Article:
Basic geology, paleontology, and fieldwork

Drawing of Cretaceous animals
Frontispiece from The University Geological Survey of Kansas volume IV, on paleontology (1898), dramatically depicting Cretaceous animals.


Geologic exploration and observation in Kansas spans centuries, from Francisco Vasquez de Coronado's ill-fated search for gold in 1541 to Lewis and Clark's expedition in 1804 to the current research endeavors of the Kansas Geological Survey and other institutions. By 1889, when the Kansas Geological Survey was permanently established at the University of Kansas, the extraction and use of the state's natural resources were already underway and the discovery of large vertebrate marine fossils in western Kansas had ushered in a new age of paleontology nationally.

Early geologists, paleontologists, and other enthusiasts in Kansas depended on horses and horse-drawn wagons to reach remote natural treasures and to carry their food, shelter, surveying equipment, and other tools. Today's scientists have the advantage of modern transportation, GPS, computers, advances in chemical analysis, and in places, fortuitous access to previously deeply buried rocks and fossils exposed in quarries and in road cuts created to make highways smoother and travel less hazardous. Over the years, however, the simple rock hammer has remained one of the most essential tools for geologists and paleontologists.

Natural resource discovery and use prior to the mid-1800s in what is now Kansas was often happenstance. Exposed coal was reportedly gathered from hillsides around Fort Leavenworth in the 1820s. A Baptist missionary wrote of coal and salt springs along the Neosho River in eastern Kansas in 1828. Early military expedition and government survey reports did start to note resources of economic interest, from water and building stone to coal and valuable minerals. Not until after 1850, however, did scientists begin serious geologic reconnaissance, making note of the location, type, fossil content, and stratification (layering and sequence) of rocks.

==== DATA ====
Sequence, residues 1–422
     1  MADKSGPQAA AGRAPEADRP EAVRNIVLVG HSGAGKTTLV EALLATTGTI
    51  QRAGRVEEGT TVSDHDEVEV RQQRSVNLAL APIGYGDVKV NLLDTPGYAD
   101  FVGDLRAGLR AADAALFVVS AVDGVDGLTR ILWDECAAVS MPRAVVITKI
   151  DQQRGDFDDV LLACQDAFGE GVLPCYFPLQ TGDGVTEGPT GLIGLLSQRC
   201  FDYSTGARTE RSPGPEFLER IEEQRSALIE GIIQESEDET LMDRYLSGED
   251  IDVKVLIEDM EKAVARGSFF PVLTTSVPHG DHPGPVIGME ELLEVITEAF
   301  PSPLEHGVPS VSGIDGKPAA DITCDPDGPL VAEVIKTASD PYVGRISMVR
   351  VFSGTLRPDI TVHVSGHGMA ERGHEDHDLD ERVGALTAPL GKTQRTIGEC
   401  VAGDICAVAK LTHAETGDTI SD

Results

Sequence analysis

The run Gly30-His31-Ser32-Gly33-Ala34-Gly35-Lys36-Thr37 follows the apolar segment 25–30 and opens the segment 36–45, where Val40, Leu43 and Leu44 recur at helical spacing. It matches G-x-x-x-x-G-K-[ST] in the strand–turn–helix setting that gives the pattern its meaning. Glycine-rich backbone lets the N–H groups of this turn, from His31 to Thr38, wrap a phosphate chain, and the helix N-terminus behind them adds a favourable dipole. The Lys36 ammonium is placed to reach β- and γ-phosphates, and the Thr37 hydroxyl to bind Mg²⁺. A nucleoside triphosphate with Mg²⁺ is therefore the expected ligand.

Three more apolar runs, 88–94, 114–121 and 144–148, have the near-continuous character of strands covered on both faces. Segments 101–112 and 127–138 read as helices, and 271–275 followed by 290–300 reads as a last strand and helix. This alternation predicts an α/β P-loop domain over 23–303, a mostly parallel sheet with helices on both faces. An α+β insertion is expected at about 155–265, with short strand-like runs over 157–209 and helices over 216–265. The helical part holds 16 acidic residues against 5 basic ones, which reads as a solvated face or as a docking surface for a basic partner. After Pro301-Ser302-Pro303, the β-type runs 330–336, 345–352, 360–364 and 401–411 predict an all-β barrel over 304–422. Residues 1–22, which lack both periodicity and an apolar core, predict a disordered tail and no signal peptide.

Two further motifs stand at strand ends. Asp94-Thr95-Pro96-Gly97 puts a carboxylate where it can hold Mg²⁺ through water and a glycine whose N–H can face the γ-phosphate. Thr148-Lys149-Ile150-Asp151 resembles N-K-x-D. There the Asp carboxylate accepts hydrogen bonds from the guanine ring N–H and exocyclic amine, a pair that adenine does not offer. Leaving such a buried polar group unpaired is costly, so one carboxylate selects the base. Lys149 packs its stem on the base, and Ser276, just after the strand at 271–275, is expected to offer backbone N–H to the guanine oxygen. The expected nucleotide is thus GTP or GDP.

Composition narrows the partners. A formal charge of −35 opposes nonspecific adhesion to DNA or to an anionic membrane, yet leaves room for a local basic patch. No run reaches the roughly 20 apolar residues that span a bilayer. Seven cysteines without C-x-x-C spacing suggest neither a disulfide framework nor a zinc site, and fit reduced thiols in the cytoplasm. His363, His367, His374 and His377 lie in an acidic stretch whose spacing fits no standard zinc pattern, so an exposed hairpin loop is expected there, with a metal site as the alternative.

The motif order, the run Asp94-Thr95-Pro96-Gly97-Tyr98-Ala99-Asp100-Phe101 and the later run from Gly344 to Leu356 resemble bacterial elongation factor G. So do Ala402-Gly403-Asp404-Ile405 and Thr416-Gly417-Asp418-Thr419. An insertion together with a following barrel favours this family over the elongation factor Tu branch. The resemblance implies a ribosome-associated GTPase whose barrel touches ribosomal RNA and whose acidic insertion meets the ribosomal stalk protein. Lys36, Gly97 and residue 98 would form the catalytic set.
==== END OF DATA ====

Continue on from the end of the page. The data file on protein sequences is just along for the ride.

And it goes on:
At first, studies were focused on eastern Kansas, where layers of limestones and other rocks—sometimes filled with marine fossils—provided evidence of seas that rose and fell during the Permian and Pennsylvanian periods. After railroads came through following the Civil War, scientists moved to western Kansas, were Cretaceous-age fossils of giant marine reptiles and fish, in particular, captured the country's imagination.

Benjamin Franklin Mudge
Benjamin Franklin Mudge, first director of the KGS.

When an Army physician named Theophilus Turner, stationed at Fort Wallace in Wallace County, discovered the well-preserved bones of a large marine reptile known as a plesiosaur in 1868 he piqued the interest of famous paleontologists from as far away as the east coast. Among the fascinating finds between 1865 and 1895 were previously unreported species of reptiles and fishes, fossilized mosasaur skin, several new species of giant gliding reptiles known as pterosaurs, and a swimming bird, Ichthyornis, which was especially notable because the specimen found in Kansas was the first bird with teeth ever discovered.

Upon its founding, the Kansas Geological Survey was given the mission to make "a complete geological survey of the state of Kansas, giving special attention to any and all natural products of economic importance." Since then, hundreds of scientists have spent countless hours collecting, identifying, analyzing, and amassing information about rocks, fossils, and other natural resources on and below ground. Much is known and has been made readily available through publications and other resources for decision-makers, landowners, businesses, scientists, students, educators, and the general public. Yet much remains for future scientists to dig up, dig out, analyze, and explain.